The 55k start was postponed twice, eventually kicking off at 8:00 instead of 6:00. I had spent the 2 hours huddled with the other runners in tents, trying to avoid getting too wet. When it came time for the race (the 55k!) to start, I didn’t even think twice. I took off with the rest. Unbeknownst to me, the half marathon didn’t start for another hour. Oops!
In any case, off I went up and across the desert to the northwest. The trail – an ATV 4×4 road – was in horrible shape. On flat sections it was a struggle to stay up right. On inclines and declines, it was darn near impossible. I didn’t fall, but was taking it pretty slow. If you were trying to really run it, I would anticipate a lot of spills. To make it worse, the clay stuck to your shoes so when you finally climbed up or down below the sedimentary layer of clay and hit some normal dirt, you were trying to run with 5 lb ankle weight of mud caked to your shoes. I scraped it off a couple times, but eventually gave up. I was a good inch taller though with it on my soles!
The route went 4 miles to Hurricane Mesa Road – an old asphalt road – on which we climbed about 2.5 miles to the top. There was an aid station and the turnaround point for the half marathon. As I climbed up the road and neared the aid station I realized that no half marathon runners had hit the turnaround and passed me going back down the road. That’s when it hit me. I had accidentally started with the 55k an hour early. Ha!
I turned around and headed back down the road, making a great 2 mile split. On the way everyone was giving me thumbs up and “heck yeah!”s and “good job”! and they tried to figure out who I was and how I was already on my way back so quickly. A few assumed I had given up and was heading back, giving me a conciliatory frown, but then quizzical look as they wondered why I was running so fast and fresh if I was quitting. Partway down I saw the actual half marathon runners on their way up. I told them good job and said they were in the lead. I don’t know if they understood me. I hope it didn’t freak them out. Here they are, thinking they were winning the race and some dude comes flying down the road ahead of them.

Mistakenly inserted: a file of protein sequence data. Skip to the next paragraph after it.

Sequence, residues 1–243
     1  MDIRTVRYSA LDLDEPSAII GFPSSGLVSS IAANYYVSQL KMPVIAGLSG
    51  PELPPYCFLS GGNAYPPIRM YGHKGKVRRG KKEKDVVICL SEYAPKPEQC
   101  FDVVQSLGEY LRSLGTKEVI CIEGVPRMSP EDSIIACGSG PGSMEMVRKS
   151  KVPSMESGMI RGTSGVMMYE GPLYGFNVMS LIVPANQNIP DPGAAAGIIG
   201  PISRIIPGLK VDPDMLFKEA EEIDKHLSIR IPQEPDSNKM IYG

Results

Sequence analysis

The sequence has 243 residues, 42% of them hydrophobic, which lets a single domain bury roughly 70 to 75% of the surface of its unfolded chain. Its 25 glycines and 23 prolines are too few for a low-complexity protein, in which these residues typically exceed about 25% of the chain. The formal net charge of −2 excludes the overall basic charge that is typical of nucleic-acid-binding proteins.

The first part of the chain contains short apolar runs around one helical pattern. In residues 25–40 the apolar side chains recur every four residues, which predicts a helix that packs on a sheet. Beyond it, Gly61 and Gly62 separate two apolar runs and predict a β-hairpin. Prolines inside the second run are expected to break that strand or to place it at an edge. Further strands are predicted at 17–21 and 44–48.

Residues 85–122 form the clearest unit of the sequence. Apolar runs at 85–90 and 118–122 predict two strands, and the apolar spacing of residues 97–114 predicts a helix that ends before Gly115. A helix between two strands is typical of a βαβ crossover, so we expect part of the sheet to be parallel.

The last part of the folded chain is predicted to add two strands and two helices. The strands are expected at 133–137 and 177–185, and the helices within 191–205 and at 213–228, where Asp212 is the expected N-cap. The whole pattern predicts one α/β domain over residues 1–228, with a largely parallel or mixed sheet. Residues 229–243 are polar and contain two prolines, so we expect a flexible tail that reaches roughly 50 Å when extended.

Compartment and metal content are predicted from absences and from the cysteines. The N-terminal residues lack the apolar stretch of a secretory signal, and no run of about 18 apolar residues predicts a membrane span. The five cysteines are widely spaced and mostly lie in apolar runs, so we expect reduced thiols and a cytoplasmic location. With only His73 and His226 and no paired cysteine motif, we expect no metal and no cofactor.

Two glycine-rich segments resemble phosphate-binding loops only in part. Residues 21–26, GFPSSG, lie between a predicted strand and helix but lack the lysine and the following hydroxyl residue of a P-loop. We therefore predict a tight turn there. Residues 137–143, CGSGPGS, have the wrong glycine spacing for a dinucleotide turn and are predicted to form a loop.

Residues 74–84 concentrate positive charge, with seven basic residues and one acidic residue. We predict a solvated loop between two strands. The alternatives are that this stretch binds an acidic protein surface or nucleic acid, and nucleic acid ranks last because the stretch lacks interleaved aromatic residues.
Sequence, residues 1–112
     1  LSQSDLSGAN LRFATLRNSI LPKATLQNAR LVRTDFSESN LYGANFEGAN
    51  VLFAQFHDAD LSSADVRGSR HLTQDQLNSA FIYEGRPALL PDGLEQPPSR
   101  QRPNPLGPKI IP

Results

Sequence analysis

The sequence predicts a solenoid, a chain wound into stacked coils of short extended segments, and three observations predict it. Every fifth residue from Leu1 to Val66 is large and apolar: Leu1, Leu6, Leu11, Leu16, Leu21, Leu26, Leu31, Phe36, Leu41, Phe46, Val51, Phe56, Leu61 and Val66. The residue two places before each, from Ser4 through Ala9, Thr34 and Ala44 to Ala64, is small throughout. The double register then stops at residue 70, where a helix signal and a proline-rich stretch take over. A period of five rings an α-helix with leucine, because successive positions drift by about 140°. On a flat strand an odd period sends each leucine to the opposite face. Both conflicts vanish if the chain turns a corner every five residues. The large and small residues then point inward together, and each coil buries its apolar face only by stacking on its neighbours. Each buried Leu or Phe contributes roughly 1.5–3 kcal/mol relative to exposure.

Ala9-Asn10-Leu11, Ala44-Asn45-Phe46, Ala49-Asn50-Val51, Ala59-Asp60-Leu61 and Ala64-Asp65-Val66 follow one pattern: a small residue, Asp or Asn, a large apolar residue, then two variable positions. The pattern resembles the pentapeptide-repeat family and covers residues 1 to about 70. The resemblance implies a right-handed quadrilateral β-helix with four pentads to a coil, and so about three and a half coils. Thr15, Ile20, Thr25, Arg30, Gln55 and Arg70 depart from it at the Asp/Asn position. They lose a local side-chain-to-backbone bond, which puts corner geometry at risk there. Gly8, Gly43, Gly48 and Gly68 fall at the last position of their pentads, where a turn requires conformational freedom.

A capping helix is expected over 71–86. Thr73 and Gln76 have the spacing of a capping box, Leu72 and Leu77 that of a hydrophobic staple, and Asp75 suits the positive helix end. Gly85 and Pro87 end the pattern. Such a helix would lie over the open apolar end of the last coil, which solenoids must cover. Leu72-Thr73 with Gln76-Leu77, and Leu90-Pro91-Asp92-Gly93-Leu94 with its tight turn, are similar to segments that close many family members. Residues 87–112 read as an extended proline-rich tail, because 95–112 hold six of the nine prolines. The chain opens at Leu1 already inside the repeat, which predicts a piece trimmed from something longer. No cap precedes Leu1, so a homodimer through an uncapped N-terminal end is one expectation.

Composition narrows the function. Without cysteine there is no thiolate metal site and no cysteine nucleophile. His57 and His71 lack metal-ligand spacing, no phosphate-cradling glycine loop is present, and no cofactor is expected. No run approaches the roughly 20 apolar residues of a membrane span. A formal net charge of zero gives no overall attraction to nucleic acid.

I trudged the 4 miles back to the start/finish, half expecting the actual half marathon winners to catch up with me and finish ahead, but they didn’t quite catch me. People really cheered at the finish but I quickly explained – nope. I didn’t win, I just accidentally started an hour early. The actual winner came in about 5 minutes later! So he almost did catch me.
I finished in 2:34:00 for 26th place out of 88 finishers.
The winner did it in 1:38. I don’t know how they moved that fast across the mud.
I hadn’t run since Monument Valley, worried about some nagging continued hip pain and new foot/ankle pain. With only 3 weeks between 2 races, I thought it would be better to be under-trained than over-injured. However, this weekend my family went out of town (so I wasn’t needed at home), the weather was beautiful, and the San Rafael Swell was a’calling me! I put out an invite to the Wasatch Mountain Wranglers and others and was joined by a new friend, Steve, for the 8 mile loop up Little Wildhorse Canyon and down Bell Canyon. An old friend (from my time in Romania in the late 90s early 00s) and his kids joined for camping. Annie and Brad MacDonald also swung by the campsite for a campfire. I was hoping to hit Horseshoe Canyon the next day to see the Great Gallery, but my hip and ankle flared up after the run so I just drove home. Bummer. Steve said it was amazing.